(Return to part 2)
LOGON: The spiritual path leads to the true self. What does the true self mean for you?
Cunz: Sufism is part of Islam. We believe in a time-space dependent realm on this side of the veil, whose counterpart is a spaceless, timeless realm beyond. The two belong together like the twin sides of a coin and God holds this coin in His hand. The path to that divine proximity for which we so much yearn is thus not from this realm to the other realm but with one foot here and the other in the world beyond.
By nature, we are imprisoned in our own substance (body and fine material soul) and thereby feel like half-persons. But in our innermost being – whether we notice it or not – there is a need for connection with the world beyond in order to become whole, in order to be in unity. When an opening to the world beyond occurs, then our material soul is inundated by the spiritual forces awaiting us there and is correspondingly „spiritually irrigated“.
In Sufism, we learn that we are at best enabled to imagine a first step. After this step we are transformed and search with new eyes for a further step. We are also told that each individual has his or her personal secret with God, which remains undisclosed to others. Mindful of this, I wonder whether the questions posed here might not delude us into believing in a reproducible process somewhat akin to a recipe. Can we imagine a „true self“ without having arrived at it? Well, the desire for orientation is legitimate so, despite my reservations, I’ll therefore attempt to formulate a response.
Who is man before the true self is realized?
Once man is in a position to fulfil his basic needs, a need awakens within him to attain recognition in order to be the centre of attention and thus feel whole. He attempts this by means of power, wealth, fame or other forms of public awareness, such as the dissemination of accrued wisdom and abilities. But being of service, subservience or a demonstrative victim’s role also serve this need for attention. The natural striving of man is a strong I-consciousness, perseverance and material success, in order to be someone.
If this striving is thwarted or – by whatever means – overcome, then the gates to a spiritual path are flung open.
Who is one afterwards? Is it a matter of awakening or of a transformation of being, or…?
The spiritual path is not an awakening of something dormant on this side of the veil but a transformation of being allowing the spirit-powers of the world beyond to penetrate the soul on this side. It is a „perish and become“ – a path to something new. Every thought and feeling is influenced by the budding or already present bond with the world beyond. Decisions to act are formed accordingly.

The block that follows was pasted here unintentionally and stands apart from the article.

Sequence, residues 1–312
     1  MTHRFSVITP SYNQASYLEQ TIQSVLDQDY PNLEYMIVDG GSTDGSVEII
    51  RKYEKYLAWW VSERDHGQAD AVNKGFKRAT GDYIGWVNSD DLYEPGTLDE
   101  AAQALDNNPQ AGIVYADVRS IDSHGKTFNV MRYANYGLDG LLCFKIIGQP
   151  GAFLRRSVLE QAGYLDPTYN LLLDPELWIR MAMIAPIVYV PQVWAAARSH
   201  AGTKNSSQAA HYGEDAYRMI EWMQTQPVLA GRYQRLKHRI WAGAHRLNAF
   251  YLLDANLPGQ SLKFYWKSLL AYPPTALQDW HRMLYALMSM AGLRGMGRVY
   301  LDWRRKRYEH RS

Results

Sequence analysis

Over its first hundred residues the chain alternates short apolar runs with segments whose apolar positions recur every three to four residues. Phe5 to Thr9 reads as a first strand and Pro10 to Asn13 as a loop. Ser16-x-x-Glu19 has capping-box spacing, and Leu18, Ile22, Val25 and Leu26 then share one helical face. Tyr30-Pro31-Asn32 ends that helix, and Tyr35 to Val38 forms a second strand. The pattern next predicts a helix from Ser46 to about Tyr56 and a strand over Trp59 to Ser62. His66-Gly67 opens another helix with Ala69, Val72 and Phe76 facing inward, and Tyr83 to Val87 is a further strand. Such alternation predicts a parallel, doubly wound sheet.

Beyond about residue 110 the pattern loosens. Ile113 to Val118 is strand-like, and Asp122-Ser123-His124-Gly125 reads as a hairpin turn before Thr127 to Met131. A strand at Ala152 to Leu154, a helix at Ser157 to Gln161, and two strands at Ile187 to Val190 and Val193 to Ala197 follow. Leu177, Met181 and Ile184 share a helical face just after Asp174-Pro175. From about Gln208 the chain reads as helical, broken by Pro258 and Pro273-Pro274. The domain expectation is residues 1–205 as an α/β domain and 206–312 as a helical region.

Can one say something about who actually treads the path?
A well-known prophetic saying from Sufism is employed in several esoteric methods of training, namely, „Whoever knows himself, knows his Lord“. From this, we like to deduce that self-observation, self-control and self-awareness lead to recognition of God. From the Sufi point of view, this is at most a useful start to the spiritual path, for the prophet also states, „I know my Lord through my Lord“.
From the Sufi point of view, „treading the path“ means firstly, not placing importance on oneself. Outwardly, this manifests itself as humility, modesty and dedication. This requires of the originally self-aware soul that it dedicate itself to greater things and surrender to them. Self-less instead of self-aware; de-becoming instead of wishing to be someone! In the search for visions and enlightenment, it is still always a matter of being someone, „I am connected with the world beyond!“.
How do you rate the importance of realizing the self for daily life? And for mankind in general?
We maintain that, by and of itself, the process of devoting oneself to the world beyond does not yet lead to the goal. A bond to the world beyond can be attained by means of the appropriate retreats or through drugs without having to relinquish the ego. The world beyond is not exclusively good; alongside the angels, we find devils housed there, who wish to provide nourishment for egotistical longings! Only when all the soul-layers of man together dedicate themselves to the greater need does room for egotism disappear. In other words: truth (haqq) appears in its totality and not partially.
The purpose of religions is a protected and holistic crossing of the boundaries of conception. Ambitious spirituality leads to competitive half-truths, disastrous to humanity. Holistic spirituality is rather unspectacular and proceeds in small steps. How was it for Elijah on Mount Horeb (Kings 1,19)?: „The Lord was not in the wind, nor in the earthquake, nor in the fire;…but then there was a still small voice, and the Lord was there.“ [The Holy Bible, RSV, 1965]
Thank you, Mr. Cunz, for this interview.
Peter Hüseyin Cunz
Born in St Gallen in 1949, Peter Hüseyin Cunz, a retired electrical engineer, worked in corporate environments as well as the public sector. Born and raised in a Christian environment he later turned to Islam and increasingly Sufism, the mysticism of the Islamic world. He joined the Mevlevi order (colloquially known as “dancing dervishes”) founded in the 13th century by Celaleddin Rumi’s descendants. In 1999 he acquired the rank of Sheik (teacher) within the order. In this function he leads international sections of his order. See www.mevlana.ch for further information.
(To be continued in part 4)